Taking its name from Euclide of Alexandria, the Greek mathematician who founded the subject of geometry (reminding us that the density of matter and energy is linked to the geometry of the Universe), the scientific mission to study the cosmos planned for launch by the European Space Agency (ESA) will receive a major contribution from the Italian Space Agency (ASI). The Euclid satellite will explore the dark universe and, next July, will be launched on the SpaceX Falcon 9 rocket from Cape Canaveral in Florida, United States. It will stay in orbit for about six years, at an average distance of 1.5 million km beyond the Earth’s orbit.
Euclid will study the expansion and evolution of the Universe, to understand how its structure was formed over the course of cosmic history. Based on the data sent back, astronomers will be able to deduce the properties of dark energy and dark matter - which together make up 95% of the Universe - and of gravity, further clarifying their precise nature. To do this, the satellite’s array of instruments will include a telescope that will map more than a third of extragalactic space (i.e. that lying beyond the Milky Way), observing billions of galaxies up to ten billion light years away and taking highly accurate pictures in optical and near-infrared light.
Leonardo has made an important technological contribution to the mission - together with the Thales Alenia joint venture (Thales 67% and Leonardo 33%) - with funding and coordination from the Italian Space Agency (ASI).
To enable such distant galaxies to be observed, the company's plants in Nerviano (MI) and Campi Bisenzio (FI) have produced cold gas microthrusters and a Fine Guidance Sensor (FGS), the hyper-technological and ultra-precise equivalent of a sextant (an instrument used in antiquity for celestial navigation) that can calculate where the Euclid telescope needs to be pointed with an accuracy never before reached by a European satellite. The instrument will play a key role in developing a 3D map of the Universe, enabling the telescope to calculate its orientation in space every two seconds and to detect the glow of stars, even the very faintest.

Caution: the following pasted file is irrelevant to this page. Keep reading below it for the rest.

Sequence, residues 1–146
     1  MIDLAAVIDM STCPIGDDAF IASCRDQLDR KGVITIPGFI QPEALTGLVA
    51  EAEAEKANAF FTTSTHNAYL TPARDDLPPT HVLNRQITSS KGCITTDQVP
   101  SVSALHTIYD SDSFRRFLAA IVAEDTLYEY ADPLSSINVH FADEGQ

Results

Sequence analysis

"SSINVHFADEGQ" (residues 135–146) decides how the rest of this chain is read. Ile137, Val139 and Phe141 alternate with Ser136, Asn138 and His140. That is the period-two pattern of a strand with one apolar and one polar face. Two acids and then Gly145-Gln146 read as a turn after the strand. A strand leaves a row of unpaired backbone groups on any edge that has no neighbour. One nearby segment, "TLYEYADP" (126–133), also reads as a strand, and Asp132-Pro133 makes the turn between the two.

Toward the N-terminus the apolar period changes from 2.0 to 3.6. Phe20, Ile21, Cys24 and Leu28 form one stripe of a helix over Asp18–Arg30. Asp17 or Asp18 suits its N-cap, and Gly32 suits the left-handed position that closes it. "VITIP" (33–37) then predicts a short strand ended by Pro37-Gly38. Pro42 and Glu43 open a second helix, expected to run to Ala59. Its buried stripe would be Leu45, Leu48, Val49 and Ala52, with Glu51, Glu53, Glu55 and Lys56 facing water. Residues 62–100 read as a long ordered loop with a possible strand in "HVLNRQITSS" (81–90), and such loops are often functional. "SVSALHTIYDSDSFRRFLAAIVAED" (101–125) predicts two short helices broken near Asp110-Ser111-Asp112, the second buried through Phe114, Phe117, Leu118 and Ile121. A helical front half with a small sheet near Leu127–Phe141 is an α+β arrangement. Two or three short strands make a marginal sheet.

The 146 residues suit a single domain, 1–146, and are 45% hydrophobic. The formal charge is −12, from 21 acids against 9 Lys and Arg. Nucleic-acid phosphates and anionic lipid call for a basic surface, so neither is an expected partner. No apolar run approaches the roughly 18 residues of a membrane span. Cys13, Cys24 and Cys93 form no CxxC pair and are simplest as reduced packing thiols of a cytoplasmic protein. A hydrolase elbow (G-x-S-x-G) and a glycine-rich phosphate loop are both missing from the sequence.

Leonardo is also supplying the photovoltaic panels that will power all of the satellite's systems. There are three panels comprising a total of almost 3,000 cells, installed above the heat shield and able to withstand up to +160°, with the function of providing power to the telescope and protecting it from heat.
The ESA selected Thales Alenia Space as prime contractor to build the mission's satellite (constructed and assembled at the Turin plant) and its service module.
As well as a high-gain K-band antenna, a foldable and steerable instrument for collecting and amplifying satellite signals built at the Rome site, Thales Alenia Space has also supplied the X-band transponder, a device used to receive, amplify and re-transmit radio signals in the X-frequency band.
With its images, its mapping of a huge number of galaxies, and its data on the shapes, sizes and positions of billions of stars, Euclid will build a large archive of unique data - unprecedented in its volume for a space mission - enabling the scientific community to examine some of the most fascinating aspects of physics and cosmology.